The anti-bullying crusade was launched after the April 20, 1999 Columbine massacre when two seniors at Columbine High School in Colorado murdered 12 students and one teacher while injuring 21 others. The anti-bullying programs that developed focuses on the bully.
Anti-bullying programs are dependent on getting the bullies to cease their bullying ways. However, thousands of research studies regarding bullying show bully prevention programs focused on the bully don’t work. Here’s why:
First, no one thinks of himself as a bully. Also, those accused of being a bully are in denial. Finally, bullies don’t ask for help, their victims do.
The logical solution is to educate victims as to what to do when they are being bullied. Here are a few ideas for victims and their parents to solve their bully problems.
Developing a close relationship with your child is very important, especially if your child is being verbally bullied. If a child is a victim of verbal abuse they will feel comfortable talking to their parents. If verbal bullying is reported to a parent, think about letting the child participate in organized social activities to develop new friendships and alliances. These relationships will enhance their social skills. When social skills improve a child’s ability to handle negative remarks hurled at him by bullies will develop and become more sophisticated.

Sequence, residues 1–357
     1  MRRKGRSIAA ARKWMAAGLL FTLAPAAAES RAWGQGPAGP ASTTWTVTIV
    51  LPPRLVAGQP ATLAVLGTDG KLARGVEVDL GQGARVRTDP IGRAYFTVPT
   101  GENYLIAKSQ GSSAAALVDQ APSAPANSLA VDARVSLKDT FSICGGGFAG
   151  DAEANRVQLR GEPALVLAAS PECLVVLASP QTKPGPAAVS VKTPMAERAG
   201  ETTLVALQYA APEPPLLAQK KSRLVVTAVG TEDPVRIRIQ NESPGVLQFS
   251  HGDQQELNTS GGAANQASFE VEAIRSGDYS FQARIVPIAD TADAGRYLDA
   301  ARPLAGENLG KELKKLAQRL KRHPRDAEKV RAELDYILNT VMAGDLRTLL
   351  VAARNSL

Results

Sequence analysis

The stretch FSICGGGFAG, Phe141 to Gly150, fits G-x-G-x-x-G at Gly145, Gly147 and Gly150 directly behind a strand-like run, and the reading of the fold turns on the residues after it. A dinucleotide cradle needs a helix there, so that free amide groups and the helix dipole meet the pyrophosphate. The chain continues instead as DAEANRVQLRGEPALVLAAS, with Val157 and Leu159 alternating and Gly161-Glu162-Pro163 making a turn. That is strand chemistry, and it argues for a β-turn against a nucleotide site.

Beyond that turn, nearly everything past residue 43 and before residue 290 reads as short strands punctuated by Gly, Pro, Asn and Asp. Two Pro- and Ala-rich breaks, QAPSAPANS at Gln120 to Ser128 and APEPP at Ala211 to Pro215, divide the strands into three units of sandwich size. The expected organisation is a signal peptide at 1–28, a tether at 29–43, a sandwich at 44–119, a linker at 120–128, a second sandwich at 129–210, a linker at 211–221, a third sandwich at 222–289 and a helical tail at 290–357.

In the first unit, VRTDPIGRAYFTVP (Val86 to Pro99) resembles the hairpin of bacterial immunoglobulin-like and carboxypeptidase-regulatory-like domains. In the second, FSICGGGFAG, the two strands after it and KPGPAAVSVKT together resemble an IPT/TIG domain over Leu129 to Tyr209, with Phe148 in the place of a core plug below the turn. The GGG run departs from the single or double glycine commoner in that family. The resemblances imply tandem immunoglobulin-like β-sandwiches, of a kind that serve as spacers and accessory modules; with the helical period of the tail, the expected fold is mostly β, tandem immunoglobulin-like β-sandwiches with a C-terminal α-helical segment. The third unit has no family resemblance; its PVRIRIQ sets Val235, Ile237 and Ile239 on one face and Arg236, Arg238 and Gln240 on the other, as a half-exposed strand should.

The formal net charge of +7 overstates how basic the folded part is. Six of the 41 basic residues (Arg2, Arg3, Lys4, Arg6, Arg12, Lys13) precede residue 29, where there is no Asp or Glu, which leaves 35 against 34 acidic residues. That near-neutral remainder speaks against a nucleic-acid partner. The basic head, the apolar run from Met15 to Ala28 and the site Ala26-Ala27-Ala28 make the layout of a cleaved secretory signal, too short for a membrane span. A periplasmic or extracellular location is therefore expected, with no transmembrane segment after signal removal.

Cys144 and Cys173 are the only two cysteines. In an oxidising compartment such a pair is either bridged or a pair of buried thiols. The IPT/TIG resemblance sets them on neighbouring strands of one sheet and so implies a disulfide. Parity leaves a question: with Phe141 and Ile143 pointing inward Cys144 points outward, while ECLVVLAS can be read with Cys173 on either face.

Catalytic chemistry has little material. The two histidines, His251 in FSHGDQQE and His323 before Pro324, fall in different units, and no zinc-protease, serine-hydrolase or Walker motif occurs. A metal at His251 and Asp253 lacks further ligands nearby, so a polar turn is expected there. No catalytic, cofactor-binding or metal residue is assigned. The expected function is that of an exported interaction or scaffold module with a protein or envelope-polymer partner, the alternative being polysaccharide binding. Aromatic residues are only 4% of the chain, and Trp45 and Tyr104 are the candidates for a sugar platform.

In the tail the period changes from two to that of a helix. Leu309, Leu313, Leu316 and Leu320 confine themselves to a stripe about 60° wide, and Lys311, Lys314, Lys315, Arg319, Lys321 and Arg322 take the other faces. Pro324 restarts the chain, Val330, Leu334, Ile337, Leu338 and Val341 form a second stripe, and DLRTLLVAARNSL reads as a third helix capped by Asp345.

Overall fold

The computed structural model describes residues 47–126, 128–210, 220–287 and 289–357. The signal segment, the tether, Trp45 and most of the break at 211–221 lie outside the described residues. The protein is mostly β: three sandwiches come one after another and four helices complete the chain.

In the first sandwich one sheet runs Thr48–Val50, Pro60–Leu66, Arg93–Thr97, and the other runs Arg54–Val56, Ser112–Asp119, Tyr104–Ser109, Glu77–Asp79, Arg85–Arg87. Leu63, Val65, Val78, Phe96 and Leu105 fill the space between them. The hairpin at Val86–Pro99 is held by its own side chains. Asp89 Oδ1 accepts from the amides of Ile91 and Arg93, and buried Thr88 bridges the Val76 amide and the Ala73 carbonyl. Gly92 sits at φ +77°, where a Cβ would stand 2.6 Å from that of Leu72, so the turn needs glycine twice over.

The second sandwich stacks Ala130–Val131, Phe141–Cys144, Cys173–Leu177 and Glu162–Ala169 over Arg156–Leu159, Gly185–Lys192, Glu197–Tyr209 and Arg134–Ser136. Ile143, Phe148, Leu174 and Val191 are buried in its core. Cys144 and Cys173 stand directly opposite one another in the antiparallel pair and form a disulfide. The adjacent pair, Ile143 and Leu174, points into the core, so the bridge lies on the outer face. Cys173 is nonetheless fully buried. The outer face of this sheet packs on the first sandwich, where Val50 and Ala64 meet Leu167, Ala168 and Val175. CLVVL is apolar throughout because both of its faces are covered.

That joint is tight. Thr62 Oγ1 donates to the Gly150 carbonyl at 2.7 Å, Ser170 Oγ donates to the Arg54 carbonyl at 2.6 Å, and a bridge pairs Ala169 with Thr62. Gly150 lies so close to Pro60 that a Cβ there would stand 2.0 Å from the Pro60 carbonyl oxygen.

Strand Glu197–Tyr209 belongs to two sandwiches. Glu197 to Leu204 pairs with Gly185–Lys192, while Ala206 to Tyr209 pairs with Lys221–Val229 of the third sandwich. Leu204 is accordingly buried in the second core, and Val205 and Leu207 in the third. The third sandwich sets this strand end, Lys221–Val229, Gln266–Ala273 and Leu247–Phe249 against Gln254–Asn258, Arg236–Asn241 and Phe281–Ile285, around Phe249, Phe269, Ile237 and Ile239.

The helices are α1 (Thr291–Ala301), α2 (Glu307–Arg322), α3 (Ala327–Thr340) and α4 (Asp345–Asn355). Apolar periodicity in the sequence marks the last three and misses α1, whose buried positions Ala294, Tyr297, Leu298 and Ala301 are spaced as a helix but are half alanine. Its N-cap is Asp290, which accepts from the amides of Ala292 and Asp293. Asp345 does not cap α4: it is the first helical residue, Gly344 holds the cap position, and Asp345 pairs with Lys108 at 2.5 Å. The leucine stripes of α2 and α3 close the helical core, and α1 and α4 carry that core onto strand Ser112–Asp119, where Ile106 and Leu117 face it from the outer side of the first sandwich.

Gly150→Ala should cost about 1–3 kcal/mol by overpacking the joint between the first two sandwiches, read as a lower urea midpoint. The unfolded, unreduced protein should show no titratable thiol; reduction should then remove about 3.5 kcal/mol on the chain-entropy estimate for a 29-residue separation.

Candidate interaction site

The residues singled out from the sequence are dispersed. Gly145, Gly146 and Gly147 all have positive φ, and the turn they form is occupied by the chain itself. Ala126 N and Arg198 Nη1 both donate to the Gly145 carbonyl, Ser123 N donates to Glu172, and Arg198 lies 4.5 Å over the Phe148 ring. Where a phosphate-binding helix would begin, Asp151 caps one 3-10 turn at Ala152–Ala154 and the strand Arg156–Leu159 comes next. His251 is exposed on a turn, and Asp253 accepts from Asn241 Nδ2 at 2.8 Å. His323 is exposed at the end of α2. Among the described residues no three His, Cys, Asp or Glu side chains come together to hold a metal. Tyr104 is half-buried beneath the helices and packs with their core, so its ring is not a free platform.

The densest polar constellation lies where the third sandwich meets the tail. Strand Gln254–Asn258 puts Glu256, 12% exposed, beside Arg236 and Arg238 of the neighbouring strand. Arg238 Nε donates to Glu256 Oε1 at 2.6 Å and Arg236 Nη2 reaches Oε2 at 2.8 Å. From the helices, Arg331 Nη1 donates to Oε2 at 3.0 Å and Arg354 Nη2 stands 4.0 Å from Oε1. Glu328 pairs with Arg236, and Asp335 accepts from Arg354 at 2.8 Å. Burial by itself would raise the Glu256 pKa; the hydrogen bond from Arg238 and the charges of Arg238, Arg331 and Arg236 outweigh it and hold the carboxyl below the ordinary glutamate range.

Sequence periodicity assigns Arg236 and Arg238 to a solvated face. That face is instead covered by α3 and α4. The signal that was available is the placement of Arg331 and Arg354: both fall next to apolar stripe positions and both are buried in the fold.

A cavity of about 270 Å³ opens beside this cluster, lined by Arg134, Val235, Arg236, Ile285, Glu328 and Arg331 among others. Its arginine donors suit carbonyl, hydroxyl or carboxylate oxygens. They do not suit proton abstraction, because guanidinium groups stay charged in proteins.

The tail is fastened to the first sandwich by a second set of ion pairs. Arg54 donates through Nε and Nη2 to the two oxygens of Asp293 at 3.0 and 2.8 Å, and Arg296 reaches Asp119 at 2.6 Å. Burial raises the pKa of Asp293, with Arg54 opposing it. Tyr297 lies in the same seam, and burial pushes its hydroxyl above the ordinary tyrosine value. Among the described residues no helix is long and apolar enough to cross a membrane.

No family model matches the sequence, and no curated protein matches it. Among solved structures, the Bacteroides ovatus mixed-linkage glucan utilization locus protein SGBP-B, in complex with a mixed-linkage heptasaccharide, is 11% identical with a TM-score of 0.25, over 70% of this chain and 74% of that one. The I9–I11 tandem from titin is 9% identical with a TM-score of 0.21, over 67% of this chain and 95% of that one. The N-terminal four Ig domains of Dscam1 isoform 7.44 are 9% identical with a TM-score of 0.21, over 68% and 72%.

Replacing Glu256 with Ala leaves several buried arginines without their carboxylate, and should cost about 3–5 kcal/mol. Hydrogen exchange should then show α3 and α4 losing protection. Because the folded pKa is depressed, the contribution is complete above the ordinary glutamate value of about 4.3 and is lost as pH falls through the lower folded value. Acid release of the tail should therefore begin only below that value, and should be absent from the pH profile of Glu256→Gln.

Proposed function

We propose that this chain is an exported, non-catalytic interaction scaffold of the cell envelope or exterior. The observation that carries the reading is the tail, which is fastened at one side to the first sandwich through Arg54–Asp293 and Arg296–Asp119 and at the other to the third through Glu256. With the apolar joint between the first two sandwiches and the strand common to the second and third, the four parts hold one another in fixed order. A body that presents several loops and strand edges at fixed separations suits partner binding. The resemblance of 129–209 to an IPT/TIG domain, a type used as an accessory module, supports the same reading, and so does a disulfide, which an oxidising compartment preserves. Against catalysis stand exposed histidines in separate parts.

Bullies tend to hone in on the weakest link to lash at with physical aggression and threats. If a child is a victim of this kind of bullying, the best way to handle it is to teach him self-defense. There are plenty of self-defense courses offered to children so that the next time a little boy or girl is attacked he or she can defend themselves.
If a child is being bullied at school or in their neighborhood, taking the direct approach may work best.
First, instruct your child to look the bully in the eye and ask questions like, “Why do you think you have the right to treat me this way?” or “Do you think you are behaving fairly?”
The victim of a bully could even offer help. “Perhaps you need assistance with something. Can I help you?”
Humor disarms bullies and empowers victims. Let’s say a bully makes fun of a child’s shirt.
Bully: You’re mamma dresses you funny. That’s some ugly shirt.
Victim: Thank you for your interest in my shirt. Would you like a picture of it to hang on your wall at home?
Researchers at the University of Texas at Arlington are one of many researchers casting doubt on the effectiveness of anti-bullying programs in schools. They concluded that students were more likely to have experienced bullying at schools that had anti-bullying programs. So what can victims do?
Psychologist Izzy Kalman, founder of Bullies2Buddies endorses educating victims on handling bullying threats themselves. You can visit his website for simple bullying solutions that will work for your child.